Thursday afternoon at the U.S. Open, unseeded 23-year-old Taylor Townsend pulled off a tremendous upset, defeating Wimbledon champion Simona Halep after a third set tiebreaker. After the match, Townsend was interviewed by ESPN’s Renee Stubbs at mid-court.
“It’s been a long journey,” Townsend told her. But she wasn’t just referring to getting through three qualifying matches just to get into the main draw. There was an elephant in the room—or the TV booth—and no one at ESPN wanted to address it for fear of displeasing the USTA.
Taylor Townsend is a big girl. She’s 5-7 and one could describe her as “husky.” Back in 2012, when she was 15 she was rated the No. 1 Junior in the world after winning both the Australian Open junior singles and doubles titles. Later that year she asked the USTA for a wild card entry into the main draw of the U.S. Open or at least its qualifying tournament (similar to the one given to junior Coco Gauff this year). The USTA said “No.”
At the time she was part of the USTA’s development program, and Patrick McEnroe, speaking for the USTA said she was denied because of “fitness concerns.” They wouldn’t even pay her expenses to come play in the junior tournament, so Taylor’s mother raised the money and sent her anyway. At the time Sports Illustrated wrote: “Instead of helping a promising young talent gain that confidence and experience gleaned from competing, the USTA has taken a paternalistic tack, deeming itself the arbiter and architect behind Townsend’s past, present and future success. It’s the arrogance of institution built on the belief that there is a tried-and-true formula to build a champion.”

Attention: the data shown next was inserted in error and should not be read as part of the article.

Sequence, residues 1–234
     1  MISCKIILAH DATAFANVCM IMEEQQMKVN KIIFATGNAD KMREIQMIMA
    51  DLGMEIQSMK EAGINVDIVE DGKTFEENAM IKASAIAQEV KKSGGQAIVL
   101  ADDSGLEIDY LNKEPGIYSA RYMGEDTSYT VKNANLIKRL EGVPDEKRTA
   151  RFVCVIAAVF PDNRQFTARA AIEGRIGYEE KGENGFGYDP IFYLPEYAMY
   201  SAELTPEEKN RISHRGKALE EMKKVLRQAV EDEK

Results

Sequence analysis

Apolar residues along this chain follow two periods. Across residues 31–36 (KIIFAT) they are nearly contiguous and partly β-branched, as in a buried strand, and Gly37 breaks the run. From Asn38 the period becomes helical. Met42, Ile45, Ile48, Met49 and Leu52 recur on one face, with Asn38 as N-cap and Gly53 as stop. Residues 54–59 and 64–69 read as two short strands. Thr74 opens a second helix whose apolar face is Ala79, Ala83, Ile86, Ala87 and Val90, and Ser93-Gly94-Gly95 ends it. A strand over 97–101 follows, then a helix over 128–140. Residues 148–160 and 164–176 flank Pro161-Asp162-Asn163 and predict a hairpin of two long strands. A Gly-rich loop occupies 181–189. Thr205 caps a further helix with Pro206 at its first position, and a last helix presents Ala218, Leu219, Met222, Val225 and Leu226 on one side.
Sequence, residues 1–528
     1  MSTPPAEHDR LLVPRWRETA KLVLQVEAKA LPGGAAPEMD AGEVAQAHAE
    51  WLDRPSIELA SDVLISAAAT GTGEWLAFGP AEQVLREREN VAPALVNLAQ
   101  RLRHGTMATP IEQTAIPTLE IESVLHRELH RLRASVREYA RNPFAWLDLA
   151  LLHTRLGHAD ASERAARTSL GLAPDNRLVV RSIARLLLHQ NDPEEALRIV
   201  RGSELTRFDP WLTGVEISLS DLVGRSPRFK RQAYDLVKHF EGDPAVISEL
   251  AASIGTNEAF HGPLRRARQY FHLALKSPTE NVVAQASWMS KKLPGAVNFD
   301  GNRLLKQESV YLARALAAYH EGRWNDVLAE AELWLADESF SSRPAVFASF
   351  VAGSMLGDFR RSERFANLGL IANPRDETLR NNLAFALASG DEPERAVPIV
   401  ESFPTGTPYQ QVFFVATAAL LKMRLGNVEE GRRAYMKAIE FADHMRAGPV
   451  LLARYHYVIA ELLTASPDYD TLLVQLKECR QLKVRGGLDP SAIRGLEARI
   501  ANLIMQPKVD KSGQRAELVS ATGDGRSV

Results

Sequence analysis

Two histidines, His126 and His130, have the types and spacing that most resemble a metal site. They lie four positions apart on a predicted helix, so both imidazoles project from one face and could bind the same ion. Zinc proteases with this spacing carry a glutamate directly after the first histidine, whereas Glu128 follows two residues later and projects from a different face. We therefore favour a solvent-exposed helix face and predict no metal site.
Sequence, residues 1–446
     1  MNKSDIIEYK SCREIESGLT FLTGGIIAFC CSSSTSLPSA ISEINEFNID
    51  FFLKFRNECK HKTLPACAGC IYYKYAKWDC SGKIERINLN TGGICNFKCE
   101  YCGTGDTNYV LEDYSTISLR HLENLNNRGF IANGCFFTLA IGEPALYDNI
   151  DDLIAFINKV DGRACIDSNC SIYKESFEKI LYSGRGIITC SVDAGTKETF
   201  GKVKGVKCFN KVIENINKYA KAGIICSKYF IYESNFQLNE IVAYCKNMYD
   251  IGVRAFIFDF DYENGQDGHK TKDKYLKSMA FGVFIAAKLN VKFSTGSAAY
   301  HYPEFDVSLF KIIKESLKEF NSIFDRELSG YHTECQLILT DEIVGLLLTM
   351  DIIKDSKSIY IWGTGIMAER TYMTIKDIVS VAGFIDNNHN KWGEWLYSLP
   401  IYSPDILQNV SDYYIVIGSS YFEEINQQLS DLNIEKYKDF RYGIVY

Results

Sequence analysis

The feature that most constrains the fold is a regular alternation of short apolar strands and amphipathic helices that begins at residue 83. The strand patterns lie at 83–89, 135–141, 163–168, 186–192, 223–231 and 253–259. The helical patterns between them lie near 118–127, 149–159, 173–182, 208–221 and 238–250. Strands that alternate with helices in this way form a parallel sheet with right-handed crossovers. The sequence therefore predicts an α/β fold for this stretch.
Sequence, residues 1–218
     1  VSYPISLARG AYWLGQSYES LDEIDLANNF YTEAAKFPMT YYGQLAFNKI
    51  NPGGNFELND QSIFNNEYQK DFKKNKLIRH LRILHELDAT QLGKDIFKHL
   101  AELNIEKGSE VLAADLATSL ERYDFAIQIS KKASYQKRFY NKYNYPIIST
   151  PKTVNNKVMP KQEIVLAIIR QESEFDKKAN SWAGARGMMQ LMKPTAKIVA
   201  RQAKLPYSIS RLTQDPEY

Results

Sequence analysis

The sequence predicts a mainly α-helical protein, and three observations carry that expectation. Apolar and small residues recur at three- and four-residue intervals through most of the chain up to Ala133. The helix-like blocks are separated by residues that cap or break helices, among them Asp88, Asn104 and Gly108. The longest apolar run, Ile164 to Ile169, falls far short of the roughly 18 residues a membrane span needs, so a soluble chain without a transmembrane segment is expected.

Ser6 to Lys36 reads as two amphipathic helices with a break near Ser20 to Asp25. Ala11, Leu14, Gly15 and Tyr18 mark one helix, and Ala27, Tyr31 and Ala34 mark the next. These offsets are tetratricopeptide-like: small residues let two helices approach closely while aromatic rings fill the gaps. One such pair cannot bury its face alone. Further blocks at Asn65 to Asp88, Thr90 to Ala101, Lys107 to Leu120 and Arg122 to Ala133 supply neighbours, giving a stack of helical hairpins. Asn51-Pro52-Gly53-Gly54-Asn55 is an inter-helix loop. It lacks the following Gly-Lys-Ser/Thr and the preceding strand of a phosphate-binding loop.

Now fast-forward to 2019. Townsend has had her ups and downs with her tennis and her weight, but Thursday she was incredible defeating Halep. Only no one at ESPN would address the prior controversy for fear of pissing off the the USTA.
Not Pam Shriver, not Chris Evert, not Patrick McEnroe and not Renee Stubbs, although Stubbs made an attempt to get Taylor to discuss her journey without actually mentioning past events. This was ESPN tiptoeing around a sensitive issue at its best. But really, what were they afraid of? Were they afraid the USTA wouldn’t renew their broadcast rights? That seems illogical. In the end the public had a right to know the whole story, and ESPN kept them in the dark.